V. The Lord be with you.
R. And with thy spirit.

Let us pray.

Bless, + O Lord, this creature beer, which thou hast deigned to produce from the fat of grain: that it may be a salutary remedy to the human race, and grant through the invocation of thy holy name; that, whoever shall drink it, may gain health in body and peace in soul. Through Christ our Lord.

R. Amen.

Sprinkle with holy water.


  1. love the blessing. Can't wait to try the beer!

  2. Hi! I just found your blog a few days ago through the Catholic Land Movement blog and am heartily pleased with all your posts. My husband and I are passionate about the restoration of Catholic culture through all things domestic, and one of my newest pursuits is to incorporate prayers into my cooking. I made bread yesterday and prayed on my knees in the kitchen before making the dough, then blessed myself three times before kneading, then marked crosses in the top of each loaf.

    I got the idea for praying with my cooking from a sweet little book titled, "My Russian Yesterdays" by Catherine de Hueck Doherty; granted, she writes of a vibrant religious culture in Orthodox Russia, but she later became Catholic and her cause for canonization is now under way. The book describes different facets of Christian culture in Russia, with prayers before shearing the sheep, gathering healing herbs, cleaning the house, and so forth.

    I dearly long for a vibrant and rich Catholic culture, and my husband and I pray daily for the time when Our Lord will lead us to a little farm near a monastery/convent, with lots of Catholic neighbors.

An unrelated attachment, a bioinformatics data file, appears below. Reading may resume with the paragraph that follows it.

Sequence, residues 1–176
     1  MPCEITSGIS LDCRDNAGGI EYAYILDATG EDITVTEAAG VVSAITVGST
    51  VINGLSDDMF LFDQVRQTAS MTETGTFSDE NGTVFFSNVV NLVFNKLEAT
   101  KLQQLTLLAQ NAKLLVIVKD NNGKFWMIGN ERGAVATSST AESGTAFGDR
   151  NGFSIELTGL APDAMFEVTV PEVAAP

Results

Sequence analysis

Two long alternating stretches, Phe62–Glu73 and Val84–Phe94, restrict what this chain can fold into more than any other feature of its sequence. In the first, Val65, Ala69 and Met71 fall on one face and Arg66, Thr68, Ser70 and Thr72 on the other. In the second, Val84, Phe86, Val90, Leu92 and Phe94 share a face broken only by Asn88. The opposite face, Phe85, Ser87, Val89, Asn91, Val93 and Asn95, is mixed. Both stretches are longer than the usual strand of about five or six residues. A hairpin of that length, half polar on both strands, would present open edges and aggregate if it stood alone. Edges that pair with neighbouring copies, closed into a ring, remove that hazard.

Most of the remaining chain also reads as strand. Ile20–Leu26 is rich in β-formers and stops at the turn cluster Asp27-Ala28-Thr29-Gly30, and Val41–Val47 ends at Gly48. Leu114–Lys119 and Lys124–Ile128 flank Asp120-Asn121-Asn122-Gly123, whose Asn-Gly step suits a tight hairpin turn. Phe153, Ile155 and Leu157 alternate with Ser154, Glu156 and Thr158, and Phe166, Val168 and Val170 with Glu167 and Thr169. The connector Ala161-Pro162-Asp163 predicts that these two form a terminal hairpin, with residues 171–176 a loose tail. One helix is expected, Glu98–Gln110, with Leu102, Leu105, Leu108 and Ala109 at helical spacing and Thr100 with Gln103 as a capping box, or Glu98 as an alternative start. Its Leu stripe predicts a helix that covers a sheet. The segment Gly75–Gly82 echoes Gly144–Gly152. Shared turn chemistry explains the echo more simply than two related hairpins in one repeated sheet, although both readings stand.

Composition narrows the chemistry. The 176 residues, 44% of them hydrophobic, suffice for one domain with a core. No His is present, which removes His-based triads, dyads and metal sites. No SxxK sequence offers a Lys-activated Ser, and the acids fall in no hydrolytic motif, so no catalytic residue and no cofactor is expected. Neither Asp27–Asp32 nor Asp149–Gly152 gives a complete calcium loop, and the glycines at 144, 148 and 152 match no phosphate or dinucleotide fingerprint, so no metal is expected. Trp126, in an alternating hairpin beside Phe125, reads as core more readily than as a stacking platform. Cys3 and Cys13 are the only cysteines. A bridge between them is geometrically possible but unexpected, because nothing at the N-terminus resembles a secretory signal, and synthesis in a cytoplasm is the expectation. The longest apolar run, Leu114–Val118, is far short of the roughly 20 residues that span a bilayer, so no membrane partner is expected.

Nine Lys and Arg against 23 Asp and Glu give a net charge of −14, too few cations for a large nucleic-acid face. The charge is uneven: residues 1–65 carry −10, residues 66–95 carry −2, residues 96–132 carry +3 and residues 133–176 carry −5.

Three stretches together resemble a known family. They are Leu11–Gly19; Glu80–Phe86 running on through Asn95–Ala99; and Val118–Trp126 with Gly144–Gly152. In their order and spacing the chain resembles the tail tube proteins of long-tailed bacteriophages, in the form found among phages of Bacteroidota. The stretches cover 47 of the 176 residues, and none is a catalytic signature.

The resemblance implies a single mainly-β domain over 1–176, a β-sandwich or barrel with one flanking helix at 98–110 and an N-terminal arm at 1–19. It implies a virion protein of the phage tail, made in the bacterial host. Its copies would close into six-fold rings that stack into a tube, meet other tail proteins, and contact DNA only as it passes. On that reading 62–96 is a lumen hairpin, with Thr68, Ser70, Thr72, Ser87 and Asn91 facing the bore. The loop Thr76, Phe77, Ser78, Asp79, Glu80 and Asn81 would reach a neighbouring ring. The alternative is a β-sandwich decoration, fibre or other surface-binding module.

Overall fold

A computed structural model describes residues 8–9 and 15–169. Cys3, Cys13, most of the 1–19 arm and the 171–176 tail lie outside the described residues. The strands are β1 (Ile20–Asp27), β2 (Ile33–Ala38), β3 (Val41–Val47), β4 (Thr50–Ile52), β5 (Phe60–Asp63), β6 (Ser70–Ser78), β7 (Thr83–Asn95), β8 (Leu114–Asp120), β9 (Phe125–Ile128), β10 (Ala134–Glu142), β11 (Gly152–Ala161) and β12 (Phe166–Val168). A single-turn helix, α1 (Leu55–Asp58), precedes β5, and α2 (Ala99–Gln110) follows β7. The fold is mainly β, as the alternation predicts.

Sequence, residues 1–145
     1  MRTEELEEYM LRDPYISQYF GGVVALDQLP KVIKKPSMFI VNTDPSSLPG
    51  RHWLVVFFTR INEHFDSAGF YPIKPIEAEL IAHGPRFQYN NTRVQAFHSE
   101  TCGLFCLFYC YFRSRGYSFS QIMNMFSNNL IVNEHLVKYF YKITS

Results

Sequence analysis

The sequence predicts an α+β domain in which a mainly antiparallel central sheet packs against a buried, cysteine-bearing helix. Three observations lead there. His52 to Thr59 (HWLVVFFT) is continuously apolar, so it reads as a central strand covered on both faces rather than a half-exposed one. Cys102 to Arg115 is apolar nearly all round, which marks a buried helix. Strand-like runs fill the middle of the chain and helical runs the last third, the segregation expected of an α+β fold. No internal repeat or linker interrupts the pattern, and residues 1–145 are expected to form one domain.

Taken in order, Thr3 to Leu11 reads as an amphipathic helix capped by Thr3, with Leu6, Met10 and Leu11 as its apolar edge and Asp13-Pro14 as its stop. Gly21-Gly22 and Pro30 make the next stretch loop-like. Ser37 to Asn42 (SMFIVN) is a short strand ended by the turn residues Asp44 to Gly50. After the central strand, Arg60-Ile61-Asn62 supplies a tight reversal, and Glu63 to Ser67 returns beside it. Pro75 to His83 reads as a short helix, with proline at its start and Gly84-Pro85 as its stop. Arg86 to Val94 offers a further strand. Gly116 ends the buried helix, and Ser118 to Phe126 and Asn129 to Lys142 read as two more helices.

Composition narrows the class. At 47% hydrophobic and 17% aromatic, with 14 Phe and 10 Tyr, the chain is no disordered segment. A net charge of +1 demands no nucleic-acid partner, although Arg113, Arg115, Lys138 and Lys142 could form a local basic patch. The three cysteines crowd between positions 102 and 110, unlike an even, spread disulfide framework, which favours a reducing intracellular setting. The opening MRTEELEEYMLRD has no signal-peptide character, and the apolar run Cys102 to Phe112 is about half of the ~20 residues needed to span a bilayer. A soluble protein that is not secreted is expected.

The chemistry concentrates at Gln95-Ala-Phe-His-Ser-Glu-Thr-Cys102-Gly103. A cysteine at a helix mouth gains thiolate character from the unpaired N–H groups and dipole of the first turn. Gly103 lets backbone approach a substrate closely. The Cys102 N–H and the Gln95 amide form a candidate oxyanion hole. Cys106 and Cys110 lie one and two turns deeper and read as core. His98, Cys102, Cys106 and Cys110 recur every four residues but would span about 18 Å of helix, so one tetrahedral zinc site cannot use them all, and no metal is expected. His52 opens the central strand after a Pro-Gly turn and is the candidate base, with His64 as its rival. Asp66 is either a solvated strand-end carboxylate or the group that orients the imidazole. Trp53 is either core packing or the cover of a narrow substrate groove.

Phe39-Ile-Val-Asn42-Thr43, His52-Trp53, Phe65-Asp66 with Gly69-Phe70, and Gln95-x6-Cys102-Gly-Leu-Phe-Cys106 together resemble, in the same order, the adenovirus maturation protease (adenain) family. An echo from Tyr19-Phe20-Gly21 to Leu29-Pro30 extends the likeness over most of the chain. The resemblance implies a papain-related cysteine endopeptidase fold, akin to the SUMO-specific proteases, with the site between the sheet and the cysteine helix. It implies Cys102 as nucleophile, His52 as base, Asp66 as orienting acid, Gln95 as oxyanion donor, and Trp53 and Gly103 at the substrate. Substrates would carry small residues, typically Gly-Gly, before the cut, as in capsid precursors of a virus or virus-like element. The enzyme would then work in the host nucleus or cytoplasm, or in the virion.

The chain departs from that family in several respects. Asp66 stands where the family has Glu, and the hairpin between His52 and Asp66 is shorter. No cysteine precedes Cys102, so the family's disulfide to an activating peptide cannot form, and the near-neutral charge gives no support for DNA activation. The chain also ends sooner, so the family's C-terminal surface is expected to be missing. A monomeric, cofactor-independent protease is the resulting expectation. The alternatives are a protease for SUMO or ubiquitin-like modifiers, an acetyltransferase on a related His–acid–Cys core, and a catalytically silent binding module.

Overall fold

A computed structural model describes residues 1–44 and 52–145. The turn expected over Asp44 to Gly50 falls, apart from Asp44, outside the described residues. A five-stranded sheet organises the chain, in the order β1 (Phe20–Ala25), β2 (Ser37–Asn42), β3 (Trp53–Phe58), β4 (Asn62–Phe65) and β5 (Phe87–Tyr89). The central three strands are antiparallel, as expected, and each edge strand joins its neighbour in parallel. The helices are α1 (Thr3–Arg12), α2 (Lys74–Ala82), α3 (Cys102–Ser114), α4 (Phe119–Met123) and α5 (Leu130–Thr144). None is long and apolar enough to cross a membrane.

3. Thanks Geneva and Katie Rose for the comments. Katie Rose, we're so glad you are enjoying the blog and wanted to thank you for letting us know about the book by Catherine de Hueck Doherty...we just ordered it and can't wait to read it. Sounds right up our alley.

    We join our prayers with yours for a rich Catholic culture in all homes...maybe one day our paths will cross! It's a small Catholic world after all...

    A happy, festive and blessed 2012 to everyone!

  4. Beautiful. I have enjoyed brewing at home for a few years. I used kits for them, about 30 5g. batches. Mostly ales and a couple lagers. It is quite rewarding. I was surprised at how much my kids wanted to be involved and how interested they were! They even took to thinking and speaking of their daddy as someone who brews beer. It is sad in a way, because really their daddy is a cubicle wage slave! It just brought home to me how we truly nneed a renewal of Catholic culture. Like you and Devin and Katie Rose, my wife and I long for this life.

    A couple beer suggestions if I may be so bold:

    1 liter flip-top bottles are nice. They save time bottling (only 18-19 bottles as opposed to 48-50 12oz ones) and they need no capping. They can also easily be stored in the fridge if you dont use the whole liter in a day by simply flipping the cap down. The carbonation stays sufficiently.

    Dont overly worry about racking before bottling with most beer types. Sometimes all it seems to do is make the beer more clear, which I could care less about. Many times I have just left the beer on the yeast in the original fermentation bucket and then 3-6 weeks later it goes into the bottling bucket and boom, done. For me what makes brewing enjoyable is keeping it easy and fun, not getting to much equipment involved.
    Thats my 2 cents.

    Thanks for this great blog!

    1. Thanks David. We have only been brewing for a short while now, so we really appreciate your tips. I do have some flip-tops that I use for making liqueurs but I have never used them for ale. I use the Lorina lemonade bottles (the beverage is great and the bottles are fantastic). However these bottles are clear. Is your sense that you need brown or green flip-tops to keep the beer from going bad? I agree about the stress on simplicity and usually try to avoid the scientifically oriented purists.

      My 3 year old daughter is quite proud of our brewing endeavors and her play kitchen has been transformed into a brewery.